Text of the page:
I used to think I knew what curry was all about. Butter chicken, saag paneer—something stewy, spicy, and rich. Of course curry takes a lot of time to make, too—hardly harried weeknight dinner fodder. But one of the things you learn when your magazine does an entire issue about a country is that you may not know as much about a cuisine as you think.
Working on SAVEUR's India issue showed me how much I had to learn about the breadth and depth of Indian cooking. So did a cookbook I picked up when living in New Zealand, in a town of 20,000 people with all of 25 restaurants, five of which were Indian. The book was called The Curry Bible, and after I plowed through my five-restaurant supply of dishes, I started cooking from it religiously. My favorite dish from the book? Goan fish curry.
Goa, located on the west coast of India, has a regional cuisine known for seafood and coconut milk. But there's another ingredient in the Goan pantry that calls back to its Portuguese colonial roots: vinegar. That's what adds the sour twang to Goa's more famous vindaloo curry, which, despite its sourness, tastes a lot like what younger me thought curry tends to taste like: stewy, spicy, and rich.
This particular dish breaks that mold. It's very Goan—it calls for fish, coconut, and vinegar—and it's very much a curry, with ginger and garlic pastes and a homemade spice mix of cumin, coriander, chile, and turmeric. But it comes together quickly, an hour or less from start to finish. It's light, not heavy, more of a creamy soup than a heavy stew. And its flavor is bright to the point of refreshing, thanks to that fresh ginger and garlic and a few glugs of white wine vinegar for wonderful tang. It's a curry to show you just how easy and versatile curry can be, and how it can defy all of your expectations.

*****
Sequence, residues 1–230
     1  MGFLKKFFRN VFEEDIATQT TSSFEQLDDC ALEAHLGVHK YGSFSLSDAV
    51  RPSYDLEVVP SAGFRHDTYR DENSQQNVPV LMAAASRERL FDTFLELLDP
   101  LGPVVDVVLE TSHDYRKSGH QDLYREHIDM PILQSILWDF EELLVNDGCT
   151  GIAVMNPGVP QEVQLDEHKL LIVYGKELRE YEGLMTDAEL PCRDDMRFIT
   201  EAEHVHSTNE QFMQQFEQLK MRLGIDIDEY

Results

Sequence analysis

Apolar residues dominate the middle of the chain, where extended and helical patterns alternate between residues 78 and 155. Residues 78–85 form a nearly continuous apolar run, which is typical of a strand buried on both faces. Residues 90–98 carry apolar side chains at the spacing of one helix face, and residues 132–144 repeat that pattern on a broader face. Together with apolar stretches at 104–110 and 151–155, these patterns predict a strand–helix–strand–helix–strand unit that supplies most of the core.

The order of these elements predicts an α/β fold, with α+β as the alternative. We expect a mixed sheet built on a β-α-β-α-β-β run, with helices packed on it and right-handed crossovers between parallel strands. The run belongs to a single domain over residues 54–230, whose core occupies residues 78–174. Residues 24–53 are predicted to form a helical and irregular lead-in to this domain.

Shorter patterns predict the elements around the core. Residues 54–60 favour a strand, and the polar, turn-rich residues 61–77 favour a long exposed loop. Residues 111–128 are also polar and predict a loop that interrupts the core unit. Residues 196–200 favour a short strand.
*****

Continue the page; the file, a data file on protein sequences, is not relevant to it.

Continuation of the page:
Like many curries, the flavor improves the next day, so I suggest making the base for the sauce the night before, even freezing it, and reheating it when you're ready for dinner. Once the sauce is simmering, cooking the fish and getting dinner on the table takes just a few minutes. Start your rice first; there's no time to wait.